Deniz is like a lot of my students: Young, career-driven, smart, ambitious. That’s not especially startling, for the corporate world in Istanbul is no different from anywhere else.

What is different about Deniz is, that unlike most Turks, she and her husband are not keen on starting a family. Here, having children is more than expected. It’s almost a national decree, articulated by President Recep Tayyip Erdoğan some years back, when he encouraged all Turkish families to have at least three children.

Never mind the economics (the spectre of supporting three kids on an Istanbul salary); that’s not what bothers her.

“My husband and I are just not sure we would want our child to grow up in Turkey,” she said, one evening while we waited for the service buses to arrive. “The future is very disturbing.”


Another of my students, Mufit, is at the other side of the predicament: He’s worried about his daughter’s future.

A recently retired journalist, Mufit spent some two decades covering the business beat, chronicling Istanbul’s rise to megacity status.

These days, the ex-newspaperman spends most of his time at his summer house on Aegean Sea. Like Deniz, and many others, Mufit forecasts a dire future for his country, especially in terms of the economy. His daughter, who this year started university, says she hopes to live abroad, in Germany or England, when she graduates.

“I think it’s a good idea,” Mufit says. “Maybe I could even go and stay with her.” Upon reflection, though, he changes his mind. He would definitely miss his summer house on the Aegean.


Deniz and Mufit’s stories capture, to some degree, the mood of uncertainty among many Turks these days. The causes are complex, and have been building up for years.

There was the Arab Spring, the waves of unrest that swept across the Middle East, crashing onto Syria’s shores some three years ago; the resulting civil war continues to tear the country apart; the rise of Islamic State … The endless stream of tragic Syrian refugees, not to mention horrific suicide bombings such as those in Ankara last weekend.

Within Turkey itself, there has been the rise of the ruling AK Party over the past decade, followed by allegations of corruption and autocratic rule, which have worried investors, divided and destabilized the country.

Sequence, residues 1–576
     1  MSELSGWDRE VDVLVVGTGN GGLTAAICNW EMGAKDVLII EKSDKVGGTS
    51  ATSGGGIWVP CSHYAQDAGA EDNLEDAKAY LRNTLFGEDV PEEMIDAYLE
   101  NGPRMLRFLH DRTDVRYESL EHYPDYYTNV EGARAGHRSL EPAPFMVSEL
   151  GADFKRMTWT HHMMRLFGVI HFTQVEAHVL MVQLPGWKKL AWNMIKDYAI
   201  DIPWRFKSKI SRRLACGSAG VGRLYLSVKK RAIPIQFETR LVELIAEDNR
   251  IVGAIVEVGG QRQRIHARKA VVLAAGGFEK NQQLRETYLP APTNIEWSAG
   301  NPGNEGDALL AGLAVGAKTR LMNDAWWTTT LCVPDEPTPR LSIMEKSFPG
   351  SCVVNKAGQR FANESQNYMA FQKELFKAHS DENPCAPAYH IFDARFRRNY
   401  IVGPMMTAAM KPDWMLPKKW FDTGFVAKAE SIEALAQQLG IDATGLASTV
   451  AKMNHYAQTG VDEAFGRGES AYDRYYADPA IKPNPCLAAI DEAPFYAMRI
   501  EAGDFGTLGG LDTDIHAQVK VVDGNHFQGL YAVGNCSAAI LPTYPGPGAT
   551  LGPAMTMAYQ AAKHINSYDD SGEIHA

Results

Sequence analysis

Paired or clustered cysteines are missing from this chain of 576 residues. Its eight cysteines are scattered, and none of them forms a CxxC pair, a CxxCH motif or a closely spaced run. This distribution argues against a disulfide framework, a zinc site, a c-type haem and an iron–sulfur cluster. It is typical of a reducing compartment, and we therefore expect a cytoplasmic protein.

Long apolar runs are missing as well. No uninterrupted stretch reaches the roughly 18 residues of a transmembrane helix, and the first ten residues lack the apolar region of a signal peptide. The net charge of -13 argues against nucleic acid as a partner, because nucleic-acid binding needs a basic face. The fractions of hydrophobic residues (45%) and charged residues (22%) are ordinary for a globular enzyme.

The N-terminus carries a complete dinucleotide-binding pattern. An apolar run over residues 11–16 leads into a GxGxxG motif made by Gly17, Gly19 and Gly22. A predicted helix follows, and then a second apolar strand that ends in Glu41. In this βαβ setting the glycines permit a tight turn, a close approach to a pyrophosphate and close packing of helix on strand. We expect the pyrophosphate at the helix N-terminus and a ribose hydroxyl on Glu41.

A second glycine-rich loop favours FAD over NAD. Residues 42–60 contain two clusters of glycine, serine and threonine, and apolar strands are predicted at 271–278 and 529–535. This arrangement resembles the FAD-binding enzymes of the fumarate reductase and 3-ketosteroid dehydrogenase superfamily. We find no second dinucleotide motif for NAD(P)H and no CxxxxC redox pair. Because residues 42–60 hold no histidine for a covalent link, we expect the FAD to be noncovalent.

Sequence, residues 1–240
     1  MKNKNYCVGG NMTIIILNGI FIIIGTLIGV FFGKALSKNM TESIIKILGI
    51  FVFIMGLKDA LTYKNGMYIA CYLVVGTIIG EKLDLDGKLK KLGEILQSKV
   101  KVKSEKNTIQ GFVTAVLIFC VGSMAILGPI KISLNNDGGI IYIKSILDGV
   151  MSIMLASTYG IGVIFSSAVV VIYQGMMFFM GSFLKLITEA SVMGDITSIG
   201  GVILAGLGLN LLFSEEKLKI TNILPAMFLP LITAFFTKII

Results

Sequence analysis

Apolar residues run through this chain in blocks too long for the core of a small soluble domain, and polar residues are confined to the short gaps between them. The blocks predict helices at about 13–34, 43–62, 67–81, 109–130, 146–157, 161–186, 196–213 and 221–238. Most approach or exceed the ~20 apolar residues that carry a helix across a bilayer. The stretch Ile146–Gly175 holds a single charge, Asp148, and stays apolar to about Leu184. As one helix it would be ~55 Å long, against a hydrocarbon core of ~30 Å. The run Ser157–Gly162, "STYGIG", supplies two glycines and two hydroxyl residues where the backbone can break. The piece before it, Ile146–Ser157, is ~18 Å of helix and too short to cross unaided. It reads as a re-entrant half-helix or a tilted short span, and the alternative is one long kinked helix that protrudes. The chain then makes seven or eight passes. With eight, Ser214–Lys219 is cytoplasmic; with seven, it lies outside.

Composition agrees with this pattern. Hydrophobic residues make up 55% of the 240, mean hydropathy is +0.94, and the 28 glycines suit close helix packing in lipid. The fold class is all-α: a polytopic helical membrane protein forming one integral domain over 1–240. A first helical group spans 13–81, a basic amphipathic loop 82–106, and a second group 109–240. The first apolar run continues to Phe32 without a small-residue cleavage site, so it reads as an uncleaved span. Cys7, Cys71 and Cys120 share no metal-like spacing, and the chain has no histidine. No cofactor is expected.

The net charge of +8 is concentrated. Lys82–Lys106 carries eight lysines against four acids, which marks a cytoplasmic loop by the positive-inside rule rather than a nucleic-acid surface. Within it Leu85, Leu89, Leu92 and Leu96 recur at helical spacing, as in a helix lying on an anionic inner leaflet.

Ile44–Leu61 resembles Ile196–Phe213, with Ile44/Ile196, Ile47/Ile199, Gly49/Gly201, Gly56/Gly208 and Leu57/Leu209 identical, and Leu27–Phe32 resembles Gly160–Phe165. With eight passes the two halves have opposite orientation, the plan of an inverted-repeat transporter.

On top of everything else, an election is on the way, which could further complicate the equation. Certainly, it carries potentially wide-ranging consequences. President Erdoğan is hoping his ruling AK Party can secure enough of a majority to facilitate changes to the country’s constitution and allow him to consolidate his already (some say) autocratic powers.

Erdoğan’s dreams of an all-powerful presidency were already voted down by voters earlier this year, when the country’s Kurdish party made surprising gains. But the Kurds and the other parties were unable to form a coalition government, which has prompted this new election.

Taken altogether, the result is a mind-numbing cocktail, a volatile mixture of confusion, anxiety, frustration, and fear.


Take my wife, for example. While trying to rest off a case of the flu the other night, she lay on the sofa listening to news commentary about last weekend’s deadly bomb blasts in Ankara, which killed as many as 100 people. The reports suggested that the alleged suicide bomber was a brother to another suicide bomber in a similar attack in the city of Suruç a few weeks ago. Both brothers were reported to have IS ties.

“And the mother of the two boys went to the police and warned them!” my wife exclaimed. “Nobody listened to her. They said, ‘Your sons haven’t done anything …’ OK, but after the attack in Suruç, you would think that somebody would be investigating the mother’s claims. You would think that somebody would be checking on the other brother … but no!” She sighed, lay back on the sofa, and I went to apply an icy hot lotion for her sore flu-ridden muscles. In short order, she was feeling better. Oh, that there were such easy, quick balms for what ails the world!


Sometimes students ask, “So what about you, teacher? Are you going to go back to America?”

“Well, my wife lives here,” I say.

“Oh, right. So that means you live here, too.” Sometimes they look at me like I’m crazy. Some readers back home have also scratched their heads. Last week, one reader went so far as to suggest that anyone who would voluntarily choose to live in Turkey is an enemy of freedom, and that we deserve whatever misfortune falls upon our heathen heads.

But what can you do? I like my head, and especially my wife’s lovely head, very much the way they are.

I recalled an evening we spent recently in Taksim. It was a lovely evening, on a rooftop terrace, with the whole city spread out around us. That night, I remembered all the things I, and so many others, love about this great city: the feeling that you are in the city of the world’s desire, to steal the title of a very good book about the city.

But then, so many books have been written about Istanbul; I’ve written a few of them myself. This is a city for the ages, a city of destiny and legend. Here, history has been told, re-told, time and again. It has been conquered by at least three empires, shaken by countless wars and earthquakes, natural and otherwise.

Yet, the great city always rises again, and always greater than she was before.

“That’s the reason people have always fought here, especially over Constantinople,” an historian once observed. “Because so many long to possess it.”


James Tressler is a writer and former Lost Coast resident. He lives in Istanbul.